We had to finally say good bye to most of our friends and keep moving which we did inside the lagoon. It’s a day motor/sail up to the north pass where after a HARROWING night we’d had a few days earlier, the weather just went flat and gorgeous. To see about our night on a “lee shore” in a mini storm. I’ll let Kyle tell the story of Beach House, Bubbles and Swiftsure. Link to Kyle’s blog here: Kyle and Shelley’s Blog in the Tuamotus  Notice from the THIRD PHOTO DOWN on this link, Kyle’s story of our riding out the storm in Fakarava on a sudden “lee shore”: Lee Shore – Fakarava Storm

 

Moods of Rotova, Fakarava Lagoon - The Tuamotus

Moods of Rotoava, Fakarava Lagoon – The Tuamotus. This is the second most populated island in the Tuamotus with about 750 people.  Most are completely uninhabited. You can’t tell from looking at this photo, but there are dozens of “Bommies” in view. Very shallow rocks that are easy to hit. In the foreground, you can see some of their shadows.

 

Lagoon at north Fakarava. We would leave the next day for the daysail to Toau.

Lagoon at north Fakarava. We would leave the next day for the daysail to Toau.

 

The day turned wet and wild and when we arrived in Toau, the current was so strong when we tried to pick up the mooring, our dock pole went for a swim. I had to dive to get it back. You can see our blue current line which I use for safety so I'm not blown out to sea. The current was about 2 1/2 knots which is too hard to swim against.

The day turned wet and wild and when we arrived in Toau, the current was so strong when we tried to pick up the mooring, our dock pole went for a swim. I had to dive to get it back. You can see our blue current line which I use for safety so I’m not blown out to sea. The current was about 2 1/2 knots which is too hard to swim against. The dock pole was rescued and I brought this live shell up to show Nikki. I returned it after viewing.

 

The locals eat these. But be careful, some species have a spear like projection that can give you a nasty poke.

The locals eat these. But be careful, some species have a spear like projection that can give you a nasty poke. The animal has retreated into it’s shell for protection and it’s constant movement along the bottom is why the shell is so polished on it’s underside.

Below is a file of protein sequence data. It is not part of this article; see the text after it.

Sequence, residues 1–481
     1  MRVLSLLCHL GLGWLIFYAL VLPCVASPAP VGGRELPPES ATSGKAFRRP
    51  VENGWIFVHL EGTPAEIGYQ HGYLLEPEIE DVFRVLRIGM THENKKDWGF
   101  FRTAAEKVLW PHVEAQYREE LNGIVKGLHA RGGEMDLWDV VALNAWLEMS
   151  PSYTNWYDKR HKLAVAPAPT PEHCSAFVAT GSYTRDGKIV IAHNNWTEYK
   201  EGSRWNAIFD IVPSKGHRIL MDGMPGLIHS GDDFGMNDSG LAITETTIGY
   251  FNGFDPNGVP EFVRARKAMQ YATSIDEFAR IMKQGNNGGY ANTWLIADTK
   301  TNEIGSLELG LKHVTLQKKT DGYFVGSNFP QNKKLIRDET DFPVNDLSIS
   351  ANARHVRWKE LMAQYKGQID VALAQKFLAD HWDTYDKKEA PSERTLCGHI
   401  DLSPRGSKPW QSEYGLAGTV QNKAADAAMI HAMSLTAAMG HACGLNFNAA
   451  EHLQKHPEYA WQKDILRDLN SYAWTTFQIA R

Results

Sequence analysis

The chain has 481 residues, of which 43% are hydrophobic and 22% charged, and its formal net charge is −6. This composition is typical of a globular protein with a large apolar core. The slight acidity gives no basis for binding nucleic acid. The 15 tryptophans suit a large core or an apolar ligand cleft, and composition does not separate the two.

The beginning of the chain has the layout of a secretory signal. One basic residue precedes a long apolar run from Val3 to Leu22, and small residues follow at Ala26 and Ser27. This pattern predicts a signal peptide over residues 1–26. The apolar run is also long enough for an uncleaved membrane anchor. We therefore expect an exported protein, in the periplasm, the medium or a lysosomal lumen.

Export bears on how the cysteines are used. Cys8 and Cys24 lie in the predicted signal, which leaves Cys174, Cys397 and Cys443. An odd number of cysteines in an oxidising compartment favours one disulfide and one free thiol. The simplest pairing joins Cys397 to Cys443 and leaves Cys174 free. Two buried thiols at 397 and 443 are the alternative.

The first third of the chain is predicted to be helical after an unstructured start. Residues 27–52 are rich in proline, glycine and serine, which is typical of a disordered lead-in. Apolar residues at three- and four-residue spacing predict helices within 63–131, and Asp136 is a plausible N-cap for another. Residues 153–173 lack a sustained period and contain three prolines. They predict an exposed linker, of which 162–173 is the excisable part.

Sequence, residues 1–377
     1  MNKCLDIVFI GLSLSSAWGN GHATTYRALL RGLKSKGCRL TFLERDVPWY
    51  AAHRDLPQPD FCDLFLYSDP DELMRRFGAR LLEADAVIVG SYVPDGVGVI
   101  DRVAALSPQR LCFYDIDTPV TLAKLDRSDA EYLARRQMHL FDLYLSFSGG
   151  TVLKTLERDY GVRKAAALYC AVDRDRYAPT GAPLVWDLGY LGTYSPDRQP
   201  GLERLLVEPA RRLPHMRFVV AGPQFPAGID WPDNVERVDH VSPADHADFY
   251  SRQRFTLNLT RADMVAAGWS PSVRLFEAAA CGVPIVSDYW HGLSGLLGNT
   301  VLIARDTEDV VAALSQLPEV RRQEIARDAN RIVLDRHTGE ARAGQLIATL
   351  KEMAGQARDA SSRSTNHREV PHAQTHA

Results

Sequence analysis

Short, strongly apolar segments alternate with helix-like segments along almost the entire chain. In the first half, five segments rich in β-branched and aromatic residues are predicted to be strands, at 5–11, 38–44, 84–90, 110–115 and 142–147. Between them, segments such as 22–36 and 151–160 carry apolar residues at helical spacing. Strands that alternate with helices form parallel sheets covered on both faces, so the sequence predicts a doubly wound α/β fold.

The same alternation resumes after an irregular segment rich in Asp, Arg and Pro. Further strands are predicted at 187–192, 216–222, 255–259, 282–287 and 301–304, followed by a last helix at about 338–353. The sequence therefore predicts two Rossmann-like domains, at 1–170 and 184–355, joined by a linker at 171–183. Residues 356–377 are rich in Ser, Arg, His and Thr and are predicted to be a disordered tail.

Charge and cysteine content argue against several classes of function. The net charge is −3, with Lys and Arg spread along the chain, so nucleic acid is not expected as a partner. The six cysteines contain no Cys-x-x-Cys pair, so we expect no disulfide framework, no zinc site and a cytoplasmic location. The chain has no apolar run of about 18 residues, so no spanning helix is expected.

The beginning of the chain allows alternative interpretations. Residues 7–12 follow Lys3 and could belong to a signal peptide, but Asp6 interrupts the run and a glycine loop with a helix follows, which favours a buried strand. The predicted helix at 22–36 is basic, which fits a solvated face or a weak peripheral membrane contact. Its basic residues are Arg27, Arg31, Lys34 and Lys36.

Weather Window Appears. As much as we'd have liked to spend a few more days at Valentin and Gaston's "Anse Amyot" cove on Toau, the weather window opened and we were off for the overnight sail to Tahiti - the capital of French Polynesia.

Entering Papeete Harbor – Weather Window Appears. As much as we’d have liked to spend a few more days at Valentin and Gaston’s “Anse Amyot” cove on Toau, the weather window opened and we were off for the overnight sail to Tahiti – the capital of French Polynesia.

Point Venus - This is the exact spot (Lighthouse) where Captain James Cook sighted the "transit of venus" in the late 1700's to help prove mathmatically the distance that the Sun was from the Earth. It's also the view that the "Bounty" sailors of the famous "Mutiny on the Bounty" had as they arrived in Papeete.

Point Venus – This is the exact spot (Lighthouse) where Captain James Cook on his first voyage to the Pacific, sighted the “transit of venus” in 1769 to help prove mathmatically the distance that the Sun was from the Earth. It’s also the view that the “Bounty” sailors of the famous “Mutiny on the Bounty” had as they arrived in Papeete.

 

Entrance Buoy at Papeete Harbor. We would end up staying here almost 3 months getting our repairs done.

Entrance Buoy at Papeete Harbor. We would end up staying here almost 3 months getting our repairs done.  Remember you Yanks, it’s RED on the left when returning from the sea in most of the world outside the America’s!